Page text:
Contractors frustrated by the long wait for Paycheck Protection Program (PPP) forgiveness guidance may soon get their questions answered.
The Treasury Department expects to begin approving and paying out the forgiveness requests of PPP applicants as soon as this week, the agency said, according to The Wall Street Journal.
The Small Business Administration (SBA) has received more than 96,000 PPP loan forgiveness applications since its online portal opened Aug. 10, but has approved none, William Manger, the agency's chief of staff, told House lawmakers last week, the Journal reported.
"We've submitted a number of applications," John Buhrmaster, president and CEO of Scotia, N.Y.-based 1st National Bank of Scotia, told American Banker. "We're four to six weeks into this, and we have not heard one word back."
Some banks processing the forgiveness application find it time-consuming. A Government Accounting Office report released last week found that a lack of clarity around forgiveness had resulted in “lender fatigue with the program.”
"It is actually more complicated than any of us even thought," Jack Murphy, president of business banking at Citizens Financial Group, said Tuesday at a Consumer Bankers Association conference, according to the Journal. "It's taking us two weeks to process an application. Four to six contacts between small-business owners ... and the folks that are trying to process the forgiveness applications."
Congressional action needed
Other banks, including many of the nation's largest, have indicated they are waiting to see if new guidance or legislation will streamline the forgiveness process. They also want to see if Congress will pass legislation providing automatic forgiveness for loans of $150,000 or less.
The latest PPP plan, couched in a stimulus bill introduced by House Democrats, falls short of that, automatically forgiving loans of $50,000 or less and offering a simplified forgiveness application for loans between $50,000 and $150,000.
"If this is an opening salvo, it's a good first step," James Ballentine, the ABA's executive vice president of congressional relations, told American Banker. "Our goal is for them to get something done before they leave town."
Loan recipients are also looking to Congress to reverse an IRS ruling that has serious tax implications for borrowers. In a notice this spring, the IRS said it had ruled out tax deductions for wages and rent paid with forgivable PPP loans in order to prevent a “double tax benefit.”
The ruling means that contractors cannot write off these types of expenses if they were paid for with PPP loan funds, leaving many wondering whether it will cost more in taxes than to pay the loan back.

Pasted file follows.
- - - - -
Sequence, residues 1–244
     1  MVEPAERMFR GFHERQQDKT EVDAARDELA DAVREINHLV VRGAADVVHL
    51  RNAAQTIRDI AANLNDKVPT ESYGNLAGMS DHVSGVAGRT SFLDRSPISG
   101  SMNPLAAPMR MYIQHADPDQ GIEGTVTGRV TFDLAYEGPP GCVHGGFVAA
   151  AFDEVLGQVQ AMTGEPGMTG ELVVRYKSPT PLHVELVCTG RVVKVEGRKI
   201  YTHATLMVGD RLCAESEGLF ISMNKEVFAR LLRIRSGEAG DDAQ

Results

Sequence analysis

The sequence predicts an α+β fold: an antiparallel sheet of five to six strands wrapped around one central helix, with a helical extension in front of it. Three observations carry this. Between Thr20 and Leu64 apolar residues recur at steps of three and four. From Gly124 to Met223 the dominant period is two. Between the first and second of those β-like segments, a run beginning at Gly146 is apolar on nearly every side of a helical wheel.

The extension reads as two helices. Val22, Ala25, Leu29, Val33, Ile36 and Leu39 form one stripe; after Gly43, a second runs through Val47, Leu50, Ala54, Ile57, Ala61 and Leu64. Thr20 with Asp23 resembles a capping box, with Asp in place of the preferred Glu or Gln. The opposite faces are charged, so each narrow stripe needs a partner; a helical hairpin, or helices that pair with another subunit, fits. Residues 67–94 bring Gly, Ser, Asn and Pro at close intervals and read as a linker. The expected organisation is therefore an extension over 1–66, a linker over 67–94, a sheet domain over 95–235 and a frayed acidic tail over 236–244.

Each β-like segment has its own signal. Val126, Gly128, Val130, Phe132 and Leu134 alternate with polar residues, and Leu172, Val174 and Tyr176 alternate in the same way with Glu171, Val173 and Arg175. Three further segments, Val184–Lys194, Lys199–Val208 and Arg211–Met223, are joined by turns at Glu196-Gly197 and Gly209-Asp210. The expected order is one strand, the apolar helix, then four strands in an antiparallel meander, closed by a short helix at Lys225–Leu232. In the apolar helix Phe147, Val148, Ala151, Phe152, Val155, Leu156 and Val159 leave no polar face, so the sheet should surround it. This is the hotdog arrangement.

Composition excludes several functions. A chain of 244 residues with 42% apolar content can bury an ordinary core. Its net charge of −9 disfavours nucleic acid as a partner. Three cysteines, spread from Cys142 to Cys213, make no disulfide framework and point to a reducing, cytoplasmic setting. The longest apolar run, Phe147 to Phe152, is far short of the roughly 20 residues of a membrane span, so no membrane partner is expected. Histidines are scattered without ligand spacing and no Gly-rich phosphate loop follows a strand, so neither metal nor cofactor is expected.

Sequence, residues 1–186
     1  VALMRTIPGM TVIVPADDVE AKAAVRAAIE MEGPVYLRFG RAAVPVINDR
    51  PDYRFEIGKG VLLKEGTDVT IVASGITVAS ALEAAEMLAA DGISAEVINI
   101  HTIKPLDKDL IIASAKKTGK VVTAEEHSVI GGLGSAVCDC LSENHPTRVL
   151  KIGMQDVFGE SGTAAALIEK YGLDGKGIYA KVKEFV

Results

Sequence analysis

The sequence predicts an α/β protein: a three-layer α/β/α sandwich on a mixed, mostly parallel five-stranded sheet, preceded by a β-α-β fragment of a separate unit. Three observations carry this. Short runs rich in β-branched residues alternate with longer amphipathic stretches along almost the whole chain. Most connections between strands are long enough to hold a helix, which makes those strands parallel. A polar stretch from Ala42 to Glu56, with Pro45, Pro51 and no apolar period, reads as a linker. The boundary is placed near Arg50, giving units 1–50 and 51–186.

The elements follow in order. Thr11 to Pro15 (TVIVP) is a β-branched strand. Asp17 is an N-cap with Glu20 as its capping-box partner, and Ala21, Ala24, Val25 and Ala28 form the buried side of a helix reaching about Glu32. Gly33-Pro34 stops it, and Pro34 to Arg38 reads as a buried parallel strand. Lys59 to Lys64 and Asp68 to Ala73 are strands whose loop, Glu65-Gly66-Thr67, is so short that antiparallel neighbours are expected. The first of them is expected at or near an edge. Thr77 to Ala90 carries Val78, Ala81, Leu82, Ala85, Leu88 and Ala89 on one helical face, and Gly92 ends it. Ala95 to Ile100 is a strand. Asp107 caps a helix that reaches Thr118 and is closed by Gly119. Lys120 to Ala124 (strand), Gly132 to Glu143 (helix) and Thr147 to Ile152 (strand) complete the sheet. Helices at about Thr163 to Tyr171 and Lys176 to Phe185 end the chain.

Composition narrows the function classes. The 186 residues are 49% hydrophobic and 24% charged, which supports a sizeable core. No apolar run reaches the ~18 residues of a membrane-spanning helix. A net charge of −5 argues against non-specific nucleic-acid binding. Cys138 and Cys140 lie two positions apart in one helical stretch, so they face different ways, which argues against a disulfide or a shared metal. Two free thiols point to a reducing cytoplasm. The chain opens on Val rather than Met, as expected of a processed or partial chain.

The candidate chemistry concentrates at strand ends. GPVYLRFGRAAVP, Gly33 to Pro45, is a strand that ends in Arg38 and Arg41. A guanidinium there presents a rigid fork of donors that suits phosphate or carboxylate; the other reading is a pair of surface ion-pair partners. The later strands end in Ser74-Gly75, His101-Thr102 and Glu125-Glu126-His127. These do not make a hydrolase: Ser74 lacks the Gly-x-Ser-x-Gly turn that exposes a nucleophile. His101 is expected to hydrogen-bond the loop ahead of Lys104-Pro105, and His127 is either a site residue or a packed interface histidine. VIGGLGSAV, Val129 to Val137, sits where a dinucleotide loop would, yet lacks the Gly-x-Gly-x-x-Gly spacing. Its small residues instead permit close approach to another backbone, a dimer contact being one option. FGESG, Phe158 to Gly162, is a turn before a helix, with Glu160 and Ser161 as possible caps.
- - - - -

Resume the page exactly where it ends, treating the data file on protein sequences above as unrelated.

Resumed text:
According to the U.S. Chamber of Commerce, a forgiven PPP loan is tax-exempt but using the loan can also reduce how much a construction firm can write off on its business taxes. Usually, expenses like payroll, rent and utilities are deductible from normal taxable income, but without the deduction, a business may owe more taxes than it normally pays, the Chamber said.
Many contractors are considering not applying for PPP forgiveness in order to avoid a hefty tax bill, according to Joseph Natarelli, leader of the national Construction Industry Practice group at accounting firm Marcum LLP.
“They’re saying, ‘If I knew then what I know now, then I wouldn't have taken the loan and I would have had to lay people off,’” he said.
The bottom line for contractors, Natarelli said, is to check with their accountants about tax implications before applying for loan forgiveness.
The construction industry received the third most loans of any U.S. sector, according to SBA data, after health care and professional, scientific and technical services businesses. Nearly 497,000 construction-related firms received a total of $65 billion, representing 12% of the total payout from the program. The overall loan size for all industries was $101,000.
The top five lenders for the program were:
- JP Morgan Chase
- Bank of America
- Wells Fargo
About 84% of borrowers surveyed last month by the National Federation of Independent Business said they have used all of the PPP funds they were given. About 44% said they would apply for a second PPP loan if one were allowed.
While lawmakers have sporadically proposed several initiatives to restart the program — including some that would allow some businesses to get a second loan — none has taken hold. The program closed to new applications Aug. 8, leaving $130 billion unallocated.
Portions of this story first appeared in our sister publication Banking Dive.